Saturday, 11 February 2012

Starry Eyed & Laughing (1974-1977)

London buskers Tony Poole and Ross McGeeney formed Starry Eyed and Laughing in the early seventies, initially playing pubs as a folk duo before adding bass player Steve Hall and drummer Nick Brown into the fold in 1973.  Now a full band, they began gigging around London and their Byrdsy sound grabbed the attention of the music press, resulting in some glowing reviews.  

The band were signed by CBS records in early 1974 and recorded their eponymously titled, debut album in August.  'Starry Eyed & Laughing' was released in October, a week after their first Single, 'Money Is No Friend Of Mine' b/w 'I See Your Face'.  

The album captures the sound of the Byrds at their best and immediately wears it's influences on its sleeve starting off with the McGeeny penned 'Going Down' with its thee part vocal harmonies, driving bass and Eight Miles High-alike guitar solo.  The Byrds theme continues throughout the entire record with 'Closer To You Now' sounding very much like 'Going Back' and you'd be forgiven for thinking that Roger McGuinn was singing the lead on 'Money Is No Friend Of Mine'.  'Living In London' sees the band shifting up a gear into Badfinger territory.  If nice harmonies and sparkling guitar is your bag then I have no doubt that you'll love this album as much as I do.

CBS released a new recoding of album track 'Nobody Home' as a single in early '75 backed with 'Closer To You Now'.  None of the releases so far had made much of a mark on the UK pop chart but CBS kept the band on for another album. 'Though Talk' was released in September 1975.  Slightly heavier than the first album with the Byrds influence remaining in places, it's not as catchy as its predecessor but after repeated listens can be a grower.  For me, stand out track 'One Foot In The Boat' takes 'Chestnut Mare' and sticks on some better lyrics!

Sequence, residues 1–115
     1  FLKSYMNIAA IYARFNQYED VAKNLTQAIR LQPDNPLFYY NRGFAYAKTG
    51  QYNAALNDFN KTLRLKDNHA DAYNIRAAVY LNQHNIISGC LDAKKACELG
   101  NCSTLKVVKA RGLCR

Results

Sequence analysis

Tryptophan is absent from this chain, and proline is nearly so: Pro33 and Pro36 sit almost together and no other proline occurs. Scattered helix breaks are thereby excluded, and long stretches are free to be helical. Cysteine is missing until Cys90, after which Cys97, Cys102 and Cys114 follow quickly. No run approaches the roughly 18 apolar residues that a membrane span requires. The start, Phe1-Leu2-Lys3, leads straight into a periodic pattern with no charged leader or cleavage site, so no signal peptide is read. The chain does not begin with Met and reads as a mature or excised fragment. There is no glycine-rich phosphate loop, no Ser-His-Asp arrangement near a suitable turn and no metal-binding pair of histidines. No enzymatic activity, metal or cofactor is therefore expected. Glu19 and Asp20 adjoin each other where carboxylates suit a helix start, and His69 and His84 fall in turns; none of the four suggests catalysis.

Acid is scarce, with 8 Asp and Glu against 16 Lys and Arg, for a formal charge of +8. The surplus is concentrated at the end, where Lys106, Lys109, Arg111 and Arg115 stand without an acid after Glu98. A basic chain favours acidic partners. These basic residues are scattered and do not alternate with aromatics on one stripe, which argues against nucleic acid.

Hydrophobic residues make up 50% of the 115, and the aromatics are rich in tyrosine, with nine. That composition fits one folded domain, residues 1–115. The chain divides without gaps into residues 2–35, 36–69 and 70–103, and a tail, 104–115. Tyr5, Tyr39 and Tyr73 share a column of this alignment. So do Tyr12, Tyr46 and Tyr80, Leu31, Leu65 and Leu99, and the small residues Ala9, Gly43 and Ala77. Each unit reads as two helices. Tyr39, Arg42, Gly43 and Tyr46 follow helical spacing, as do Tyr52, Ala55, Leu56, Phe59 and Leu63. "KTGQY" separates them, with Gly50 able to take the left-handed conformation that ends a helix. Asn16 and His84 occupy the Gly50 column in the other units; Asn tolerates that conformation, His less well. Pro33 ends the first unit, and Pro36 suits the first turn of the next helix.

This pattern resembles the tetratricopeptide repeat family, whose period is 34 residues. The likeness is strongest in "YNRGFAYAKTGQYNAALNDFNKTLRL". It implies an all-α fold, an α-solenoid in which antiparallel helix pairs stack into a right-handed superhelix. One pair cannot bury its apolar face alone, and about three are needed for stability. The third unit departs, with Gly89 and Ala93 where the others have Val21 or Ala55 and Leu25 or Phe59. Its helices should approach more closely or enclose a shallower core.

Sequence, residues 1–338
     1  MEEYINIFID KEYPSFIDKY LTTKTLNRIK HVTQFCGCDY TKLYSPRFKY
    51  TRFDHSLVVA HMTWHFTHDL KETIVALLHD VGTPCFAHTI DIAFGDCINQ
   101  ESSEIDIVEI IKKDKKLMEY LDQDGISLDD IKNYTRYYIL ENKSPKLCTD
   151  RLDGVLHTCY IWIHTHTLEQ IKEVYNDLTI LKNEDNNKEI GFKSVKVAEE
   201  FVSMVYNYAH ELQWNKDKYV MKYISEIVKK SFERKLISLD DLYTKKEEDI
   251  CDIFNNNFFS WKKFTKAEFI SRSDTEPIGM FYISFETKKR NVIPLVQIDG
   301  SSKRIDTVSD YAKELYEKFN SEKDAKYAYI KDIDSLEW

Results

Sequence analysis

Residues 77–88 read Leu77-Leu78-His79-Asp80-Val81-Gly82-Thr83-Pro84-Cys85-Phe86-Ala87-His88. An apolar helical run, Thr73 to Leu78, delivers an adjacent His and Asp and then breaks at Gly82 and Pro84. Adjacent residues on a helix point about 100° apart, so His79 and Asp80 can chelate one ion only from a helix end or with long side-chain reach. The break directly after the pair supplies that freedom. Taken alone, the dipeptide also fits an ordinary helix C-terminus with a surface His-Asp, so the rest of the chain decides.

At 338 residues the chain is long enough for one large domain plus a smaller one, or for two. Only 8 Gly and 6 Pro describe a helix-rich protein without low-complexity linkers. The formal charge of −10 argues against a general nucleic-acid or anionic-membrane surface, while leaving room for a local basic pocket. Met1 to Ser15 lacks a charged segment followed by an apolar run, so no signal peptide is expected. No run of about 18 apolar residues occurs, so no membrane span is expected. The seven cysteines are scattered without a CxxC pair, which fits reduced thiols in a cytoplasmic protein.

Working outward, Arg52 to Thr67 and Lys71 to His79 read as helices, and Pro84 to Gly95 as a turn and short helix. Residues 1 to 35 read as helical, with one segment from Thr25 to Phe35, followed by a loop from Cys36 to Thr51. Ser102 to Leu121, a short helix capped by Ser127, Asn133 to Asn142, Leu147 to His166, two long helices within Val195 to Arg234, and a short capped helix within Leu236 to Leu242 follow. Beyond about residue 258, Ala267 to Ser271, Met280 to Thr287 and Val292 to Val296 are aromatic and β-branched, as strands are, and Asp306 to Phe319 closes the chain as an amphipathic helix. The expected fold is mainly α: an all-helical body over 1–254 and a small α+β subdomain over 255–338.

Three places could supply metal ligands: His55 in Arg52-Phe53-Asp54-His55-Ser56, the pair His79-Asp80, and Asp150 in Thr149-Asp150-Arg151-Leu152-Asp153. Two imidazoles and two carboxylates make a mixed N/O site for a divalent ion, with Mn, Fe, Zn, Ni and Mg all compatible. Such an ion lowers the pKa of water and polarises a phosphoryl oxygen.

Two more singles were released under the shortened name 'Starry Eyed', 'Song On The Radio', produced by ex-Turtles, Flo and Eddie heads in a funkier direction complete with orchestral section over seen by Shadow Tony Meehan. 'Saturday' recalls the sound of their debut LP and sees the band calling it a day in style.  CBS dropped the band after 'Saturday' and they consequently split up, as is usually the case.

If Byrds fans weren't happy with the lack of jangle in the band's reunion of original members back in '72, then Starry Eyed should hit the spot with Poole stealing McGuinn's crown as new king of the 12 string! Some ace clips of the band performing live around the time of the first album can bee seen on YouTube and show what a great live act they were and what fantastic heads of hair they had.